Leaseholders at St George’s Island in Castlefield and Transport House in Salford have been told by property managers it would cost millions to fix cladding issues to make their homes fire safe.
The fees, which include VAT, include a total of £3m for Transport House upgrades and £36m for St George’s Island. This equates to roughly £100,000 per leaseholder at Transport House and £80,000 per leaseholder at St George’s Island.
Tamsin Flood has lived at the Dandara Group-developed St George’s Island for more than four years. She can enviously look out her window and see other developments that she almost moved into. They do not have faulty cladding that needs replacing under the Government’s latest fire safety regulations. If she had made a different choice then, she would not know the fear of facing an £80,000 bill to make her home safe.
“When you buy, you do all your due diligence,” she said. “You engage the solicitors and surveyors. You take every step required. It didn’t cross our minds we’d be in a situation like this when we bought back in 2016. We couldn’t have dreamt of this happening.”
She told Place North West she remembers opening up the post to see the final price. How shocked she felt.
“That was quickly followed by panic and sheer horror for how we and other residents would possibly afford it,” Flood added. “How would we be able to get this money together? People have gone bankrupt from this.”
But St George’s Island’s property management firm is confident that residents will not have to pay anywhere close to the £80,000 sticker price. Shaun Ryan, director at Clearwater FM, said the group has already received more than £2m in pre-tender support to start the remediation efforts. The Government’s £5bn Building Safety Fund will likely cover a lot of the costs, he added. Whatever is left, would hopefully be picked up by insurance.
“The leaseholder is the last port of call,” he told Place North West.
At Transport House, the future is more uncertain. Coming in at five storeys and 13.4 metres high, it does not meet the Building Safety Fund threshold of 18 metres. Leaseholders will have to apply for a Government loan scheme, announced in February, to pay for the costs.
However, housing secretary Robert Jenrick has said that no leaseholder will pay more than £50 a month towards the removal of unsafe cladding under the scheme.
Irwell Valley Homes, the property’s freeholder, said the £3m remediation costs would cover the full removal and replacement of the render and fire cavity breaks. That figure includes VAT and fees. Leaseholders are also being billed for a waking watch service and the replacement of a wooden deck.
The news of the Transport House residents’ predicament was met with strong words from Rebecca Long Bailey, MP for Salford and Eccles.
“The residents of Transport House are victims of a fire safety crisis for which they bear no responsibility and it is abhorrent that such victims are being forced to take financial responsibility,” she said. “These are financially devastating sums and some leaseholders may even face bankruptcy and lose their homes as a result.”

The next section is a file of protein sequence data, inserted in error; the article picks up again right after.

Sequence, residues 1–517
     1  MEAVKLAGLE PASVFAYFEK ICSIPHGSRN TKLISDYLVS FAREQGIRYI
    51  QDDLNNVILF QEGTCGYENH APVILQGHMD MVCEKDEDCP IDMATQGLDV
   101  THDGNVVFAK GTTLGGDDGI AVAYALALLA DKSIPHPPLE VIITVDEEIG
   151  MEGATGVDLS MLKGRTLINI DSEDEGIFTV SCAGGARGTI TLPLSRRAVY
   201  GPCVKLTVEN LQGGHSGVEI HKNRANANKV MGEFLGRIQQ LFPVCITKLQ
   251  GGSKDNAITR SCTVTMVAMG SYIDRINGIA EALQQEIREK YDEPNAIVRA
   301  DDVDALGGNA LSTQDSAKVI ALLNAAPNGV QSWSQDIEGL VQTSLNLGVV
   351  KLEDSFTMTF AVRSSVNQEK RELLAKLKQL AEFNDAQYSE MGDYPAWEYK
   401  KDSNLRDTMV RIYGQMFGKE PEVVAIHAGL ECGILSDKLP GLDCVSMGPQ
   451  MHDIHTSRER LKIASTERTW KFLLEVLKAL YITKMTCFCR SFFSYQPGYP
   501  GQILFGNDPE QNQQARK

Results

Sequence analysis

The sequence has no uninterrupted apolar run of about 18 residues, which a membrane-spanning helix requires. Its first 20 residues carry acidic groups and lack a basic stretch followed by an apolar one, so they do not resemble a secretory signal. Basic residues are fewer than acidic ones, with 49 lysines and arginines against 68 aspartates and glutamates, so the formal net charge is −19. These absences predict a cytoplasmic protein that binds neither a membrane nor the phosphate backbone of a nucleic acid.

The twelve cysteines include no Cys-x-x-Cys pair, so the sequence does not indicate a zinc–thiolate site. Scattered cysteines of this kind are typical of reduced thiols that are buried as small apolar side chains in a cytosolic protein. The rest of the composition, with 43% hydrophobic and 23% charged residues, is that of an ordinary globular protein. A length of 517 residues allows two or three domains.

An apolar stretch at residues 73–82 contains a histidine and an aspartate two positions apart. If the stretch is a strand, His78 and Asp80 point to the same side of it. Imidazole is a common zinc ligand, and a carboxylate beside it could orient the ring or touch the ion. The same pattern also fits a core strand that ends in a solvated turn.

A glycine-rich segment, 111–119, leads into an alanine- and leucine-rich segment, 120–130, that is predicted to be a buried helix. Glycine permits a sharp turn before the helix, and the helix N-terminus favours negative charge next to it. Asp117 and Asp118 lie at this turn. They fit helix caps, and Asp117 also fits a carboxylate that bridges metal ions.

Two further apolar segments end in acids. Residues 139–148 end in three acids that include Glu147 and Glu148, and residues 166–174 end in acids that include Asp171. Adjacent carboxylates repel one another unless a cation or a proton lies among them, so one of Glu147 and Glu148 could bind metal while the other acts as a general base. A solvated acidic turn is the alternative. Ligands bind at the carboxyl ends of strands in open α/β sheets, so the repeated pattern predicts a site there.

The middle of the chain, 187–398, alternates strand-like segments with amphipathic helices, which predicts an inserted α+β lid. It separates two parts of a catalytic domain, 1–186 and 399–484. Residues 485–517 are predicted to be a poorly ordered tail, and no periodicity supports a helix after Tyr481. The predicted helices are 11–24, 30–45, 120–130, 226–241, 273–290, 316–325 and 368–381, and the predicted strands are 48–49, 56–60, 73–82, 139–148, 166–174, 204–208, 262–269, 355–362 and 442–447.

Paul Dennett, Salford City Mayor and chair of the Greater Manchester High Rise Task Force, agreed.
“It is disappointing that the Government is still failing to address the issue that fire does not recognise arbitrary height limits, and instead expects residents living in blocks under 18m to get into further debt to fund remediation work,” he said. “This is not a solution.”
Giles Grover, co-leader of activist collective Manchester Cladiators, insists that the Government’s current plans are failing to meet the problem head-on.
“The Government now realizes the state of the built environment in this country, but it’s not doing enough to tackle it,” he said.
For Grover and Flood, there is no single clear solution to the cladding issue. They want Whitehall to increase the Building Safety Fund and move quicker on making payments. After that, the Government should pursue repayment from parties they deem to be liable, according to Flood.
Both commentators want changes to the survey system that determines what needs to be done to make a building safe. They argued that the survey needs to offer solutions that may mitigate risk, such as adding sprinklers, rather than insisting on big, high-cost changes.
The problems facing tenants in buildings like Transport House go beyond just the cladding remediation costs themselves, according to Dennett.
“Residents tell me how they not only fear the bills for making their homes safe but are also being hit with unaffordable bills for short term fire safety measures and inflated insurance cost,” he said. “Many buildings are struggling to obtain insurance cover and we have seen in many cases four-fold increases in insurance costs with some insurance premiums increasing ten-fold.”
Both he and MP Long Bailey are calling for action.
“I have written repeatedly to the Government and the freeholder to demand that leaseholders be protected from these costs,” MP Long Bailey said. “The Government must recognise the moral duty they have to these residents and immediately ensure that the Building Safety Fund covers all of the works required and that the freeholder must actively seek to protect residents from these life-changing costs.”
Transport House and St George’s Island are not the only Greater Manchester buildings facing cladding issues. Others include City Gate, The Quadrangle, One Smithfield Square, Pall Mall House and Wilmslow Park in Manchester.